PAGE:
Crimes against Humanity in Kenya' Post-2007 Conflicts: A Jurisprudential Interpretation
Khamala, Charles Alenga, Dr.
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Widespread economic disparities under Kenya’s post-independence constitution generated revolutionary pressures to transform authoritarian rule of sectional governance. Amid ethnic conflicts protesting President Kibaki’s 2007 re-election, mass atrocities were committed. A 2008 National Accord brokered power-sharing between Kibaki’s PNU and Prime Minister Odinga’s ODM. In 2010 the Government of National Unity promulgated a new constitution. Nonetheless, in exercise of its complementary jurisdiction, the International Criminal Court expeditiously authorized six investigative warrants, confirming charges against four suspects alleged to be indirect co-perpetrators bearing the greatest responsibility for crimes against humanity. However, in 2013, a “coalition-of-theaccused” between Uhuru Kenyatta and William Ruto, won the presidency. Numerous witnesses subsequently disappeared, died or withdrew. Consequently, the judges compelled the Jubilee government – in Ruto’s case to facilitate attendance by non-voluntary witnesses – and in Kenyatta’s case to produce his financial and other records. Judicial activism is justified, if the ICC is to effectively protect victims. However, without state co-operation, the ICC can neither investigate nor enforce these orders. This book evaluates conflicting interpretations of the Rome Statute in search of judicial creativity, amid ICC’s declining legitimacy. Unless safeguarded by the Victims and Witnesses Unit, activist judgments prioritizing victim’s rights to retributive justice can jeopardize the rights of witnesses.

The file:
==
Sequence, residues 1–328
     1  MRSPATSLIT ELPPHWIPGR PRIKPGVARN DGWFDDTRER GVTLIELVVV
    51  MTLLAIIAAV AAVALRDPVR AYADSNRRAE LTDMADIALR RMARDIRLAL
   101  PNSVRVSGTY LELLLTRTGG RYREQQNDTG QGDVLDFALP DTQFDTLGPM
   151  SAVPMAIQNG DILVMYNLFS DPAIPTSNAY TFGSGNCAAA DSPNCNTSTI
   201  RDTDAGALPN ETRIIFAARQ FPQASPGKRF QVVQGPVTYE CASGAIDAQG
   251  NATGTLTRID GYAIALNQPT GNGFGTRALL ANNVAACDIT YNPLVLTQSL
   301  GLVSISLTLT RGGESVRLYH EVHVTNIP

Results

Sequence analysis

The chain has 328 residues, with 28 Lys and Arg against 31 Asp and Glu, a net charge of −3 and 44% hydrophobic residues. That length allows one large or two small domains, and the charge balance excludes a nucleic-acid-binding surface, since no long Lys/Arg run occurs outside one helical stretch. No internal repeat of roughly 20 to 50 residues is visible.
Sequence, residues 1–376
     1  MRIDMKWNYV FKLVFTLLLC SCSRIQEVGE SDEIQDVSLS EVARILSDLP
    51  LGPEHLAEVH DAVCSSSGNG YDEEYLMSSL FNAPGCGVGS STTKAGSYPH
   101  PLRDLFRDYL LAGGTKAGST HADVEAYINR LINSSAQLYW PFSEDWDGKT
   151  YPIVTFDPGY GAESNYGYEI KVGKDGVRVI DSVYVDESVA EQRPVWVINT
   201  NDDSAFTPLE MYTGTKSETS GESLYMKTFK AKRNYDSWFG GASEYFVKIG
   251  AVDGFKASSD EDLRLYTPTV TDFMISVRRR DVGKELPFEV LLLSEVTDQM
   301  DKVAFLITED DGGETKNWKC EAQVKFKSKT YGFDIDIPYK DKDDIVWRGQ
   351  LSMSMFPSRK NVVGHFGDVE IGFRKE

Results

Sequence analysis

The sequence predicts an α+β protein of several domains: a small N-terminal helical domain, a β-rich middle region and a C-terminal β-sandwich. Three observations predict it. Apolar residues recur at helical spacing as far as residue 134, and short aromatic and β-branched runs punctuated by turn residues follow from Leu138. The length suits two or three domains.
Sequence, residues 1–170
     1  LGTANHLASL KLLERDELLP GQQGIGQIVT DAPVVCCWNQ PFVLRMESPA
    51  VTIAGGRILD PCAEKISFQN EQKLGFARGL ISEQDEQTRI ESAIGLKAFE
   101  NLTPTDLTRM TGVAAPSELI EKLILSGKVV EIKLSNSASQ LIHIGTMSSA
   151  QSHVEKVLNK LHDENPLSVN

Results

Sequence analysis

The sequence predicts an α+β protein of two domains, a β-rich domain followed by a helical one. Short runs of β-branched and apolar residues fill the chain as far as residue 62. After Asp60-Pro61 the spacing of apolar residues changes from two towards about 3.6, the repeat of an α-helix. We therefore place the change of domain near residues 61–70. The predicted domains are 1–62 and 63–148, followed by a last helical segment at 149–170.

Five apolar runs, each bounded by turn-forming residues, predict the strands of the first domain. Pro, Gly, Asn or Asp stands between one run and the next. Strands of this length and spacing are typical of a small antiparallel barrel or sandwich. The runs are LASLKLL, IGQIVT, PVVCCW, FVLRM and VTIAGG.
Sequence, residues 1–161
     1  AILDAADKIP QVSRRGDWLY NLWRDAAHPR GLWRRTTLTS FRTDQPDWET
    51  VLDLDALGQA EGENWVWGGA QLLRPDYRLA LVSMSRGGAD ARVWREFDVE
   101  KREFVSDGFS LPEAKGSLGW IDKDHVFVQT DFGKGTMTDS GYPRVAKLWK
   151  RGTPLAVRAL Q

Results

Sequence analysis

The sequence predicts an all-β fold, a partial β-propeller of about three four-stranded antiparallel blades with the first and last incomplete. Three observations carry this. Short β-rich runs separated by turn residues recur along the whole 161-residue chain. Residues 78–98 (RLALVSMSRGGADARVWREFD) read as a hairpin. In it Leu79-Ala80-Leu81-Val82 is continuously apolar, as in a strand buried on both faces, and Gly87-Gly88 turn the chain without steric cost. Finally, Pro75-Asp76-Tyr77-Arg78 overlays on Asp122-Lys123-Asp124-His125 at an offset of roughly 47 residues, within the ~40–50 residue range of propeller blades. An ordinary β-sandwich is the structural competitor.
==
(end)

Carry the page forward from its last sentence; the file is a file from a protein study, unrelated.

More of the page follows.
Wolf legal publishers
individual criminal responsibility
- Law School